The week ending Sept. 23 was a rough week for lean hog futures trade. The front month October contract gapped lower twice during the week and plunged into fresh contract lows on Thursday and Friday. The October contract has lost nearly $10 during September. Typically September is a bullish seasonal timeframe that sees the October hogs rally. Not this year.
The disappointing aspect appears to derive from what’s so far been the strong suit of the pork market — demand. As slaughter has risen, resulting in record large production, buyers appear to have stepped back. Bellies have dropped hard and fast since trading to all-time record highs in late-July. Hams have recently dropped hard as our main buyer, Mexico, seems to have backed away from the market during the North American Free Trade Agreement negotiations. Retail pork cuts are under pressure as well.
The pork cutout dropped hard this week and is now actually close to levels which found value last year. The pork cutout traded sideways last fall near $72 for what appeared to be forever. We did not realize it at the time, but huge demand for U.S. pork was absorbing production at this value level. One year ago everyone feared a crash in hog prices dictated by overproduction and with the fear that slaughter capacity was being challenged. The big crash never occurred. One main reason was because packers were operating at profitable margins and thus willing to schedule many hours of overtime. The slotting of market hogs was never necessary as it was in the fall of 1998.
In reflection, the June Hog and Pig Report showed the kept-for-breeding herd up by 1.5%. The impressive efficiencies in hog production continued, resulting in record high total hog and kept-for-market hog categories. Until last week, the market appeared to be up to the challenge in regards to handling record large production. The USDA will issue their September quarterly Hog and Pig report later this week, on Sept. 28. We’re assuming that slight expansion of the U.S. breeding herd will be confirmed in this report.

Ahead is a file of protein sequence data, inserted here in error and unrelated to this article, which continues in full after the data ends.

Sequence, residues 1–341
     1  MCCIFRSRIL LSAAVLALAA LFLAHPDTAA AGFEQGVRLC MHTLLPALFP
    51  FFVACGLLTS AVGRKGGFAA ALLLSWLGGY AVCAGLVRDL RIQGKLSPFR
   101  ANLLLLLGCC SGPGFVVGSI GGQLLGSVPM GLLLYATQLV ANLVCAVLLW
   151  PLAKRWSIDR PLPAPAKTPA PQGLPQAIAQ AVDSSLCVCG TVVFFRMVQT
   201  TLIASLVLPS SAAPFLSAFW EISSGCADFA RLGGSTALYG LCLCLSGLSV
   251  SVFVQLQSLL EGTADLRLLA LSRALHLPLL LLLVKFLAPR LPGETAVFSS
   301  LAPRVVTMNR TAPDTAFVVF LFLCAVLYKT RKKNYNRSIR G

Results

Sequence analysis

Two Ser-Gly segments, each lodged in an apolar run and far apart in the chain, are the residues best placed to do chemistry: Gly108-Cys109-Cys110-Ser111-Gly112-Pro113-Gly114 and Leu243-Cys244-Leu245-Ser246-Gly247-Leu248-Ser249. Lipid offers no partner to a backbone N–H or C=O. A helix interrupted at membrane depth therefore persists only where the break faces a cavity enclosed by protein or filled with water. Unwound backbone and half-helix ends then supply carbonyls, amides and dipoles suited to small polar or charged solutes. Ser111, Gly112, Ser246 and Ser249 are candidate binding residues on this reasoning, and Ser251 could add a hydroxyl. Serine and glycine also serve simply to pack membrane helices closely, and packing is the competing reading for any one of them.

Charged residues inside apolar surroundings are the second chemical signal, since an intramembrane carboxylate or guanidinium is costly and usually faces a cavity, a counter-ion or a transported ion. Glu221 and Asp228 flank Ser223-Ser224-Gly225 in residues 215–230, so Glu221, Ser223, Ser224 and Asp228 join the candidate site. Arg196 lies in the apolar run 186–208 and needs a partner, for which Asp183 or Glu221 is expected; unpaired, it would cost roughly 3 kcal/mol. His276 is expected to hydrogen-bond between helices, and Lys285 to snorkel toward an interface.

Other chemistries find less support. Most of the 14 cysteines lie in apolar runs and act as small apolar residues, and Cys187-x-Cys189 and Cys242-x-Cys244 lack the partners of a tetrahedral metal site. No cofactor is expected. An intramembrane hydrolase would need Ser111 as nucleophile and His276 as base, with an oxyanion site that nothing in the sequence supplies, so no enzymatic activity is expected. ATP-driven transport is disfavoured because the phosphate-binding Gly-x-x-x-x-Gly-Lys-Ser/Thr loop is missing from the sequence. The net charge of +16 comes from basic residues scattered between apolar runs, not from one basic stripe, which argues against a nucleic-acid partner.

The expansion of slaughter capacity is now in place with daily capacity moving from 450,000 pigs per day to nearly 500,000 per day by 2019. Recent daily kills have been record large at 455,000. The bearish hog trader seems to believe that cash will continue to drop like a stone under the weight of such production. Consider this prospect unlikely. Demand for U.S. pork is expected to continue expanding both in the export arena and in the domestic market. U.S. pork is high in quality and inexpensive. As consumer incomes grow and population increases, demand for U.S. pork will expand.
The U.S. hog market is a global market. We’re currently exporting close to 25% of total production. The U.S. beef market, in sharp contrast, only exports about 11% of production. Growth in pork exports is occurring in many countries with the exception of China. U.S. pork exports to China are down significantly. Last year the United States lost the battle for Chinese business to Europe as they were more price competitive. That’s not really the case now. However, the onset of corporate hog production in China has been successful with production rising and domestic pork prices declining. For now, their import needs are just not as large as expected. What’s impressive is that pork exports are growing steadily in the absence of the Chinese market.
The seasonality of lean hog futures trading is currently all out of sync. When this occurs, it makes trading and predicting major moves in lean futures extremely difficult. This is one of those times. Normally major lows are made in hog futures in early September and again in mid- to late-November. As discussed above, futures have plunged into fresh contract lows in late-September. So the seasonal tendencies are all out of whack. Seasonal high tendencies are important for producers to watch and monitor, especially in times of record high production. For example, in the June hogs, seasonal peaks can be anticipated in early December, again in early February and sometime around mid-March.
Hammering out a viable revision to NAFTA is vital to U.S. pork producers. Hog producers should always have a basket of puts on the books, in my opinion. Focus on purchasing such puts at the peak timing periods outlined above.
The USDA issued a monthly cold storage report that was generally friendly to the hog market. Basically, despite the fact that year-to-date slaughter is up 2.7%, the report shows lower frozen pork stocks at the end of August than last year at this time. Simply put, that confirms outstanding demand for U.S. pork. Specifically, total pork was down 5.5% from last year. Picnic stocks are down 4%, hams are down 10% and bellies down 41%. Rib stocks are down 2% with stocks at a 52-week low with pork variety meat down 27% and also sitting at a 52-week low. Some retail cuts are higher than last year with loin stocks up 4.4% and butts up 6%. Pork trimmings are up 5%. This report, at the very least, confirms that pork is not piling up in the nation’s warehouses.
While demand is definitely being challenged, it’s our opinion that demand will likely meet the challenge. Millions of dollars have recently been invested in expanding U.S. hog slaughter capacity. These packers have their fingers on the pulse of pork demand. Their diagnosis about two years ago was that demand will continue to surge. Recent evidence tends to confirm this diagnosis.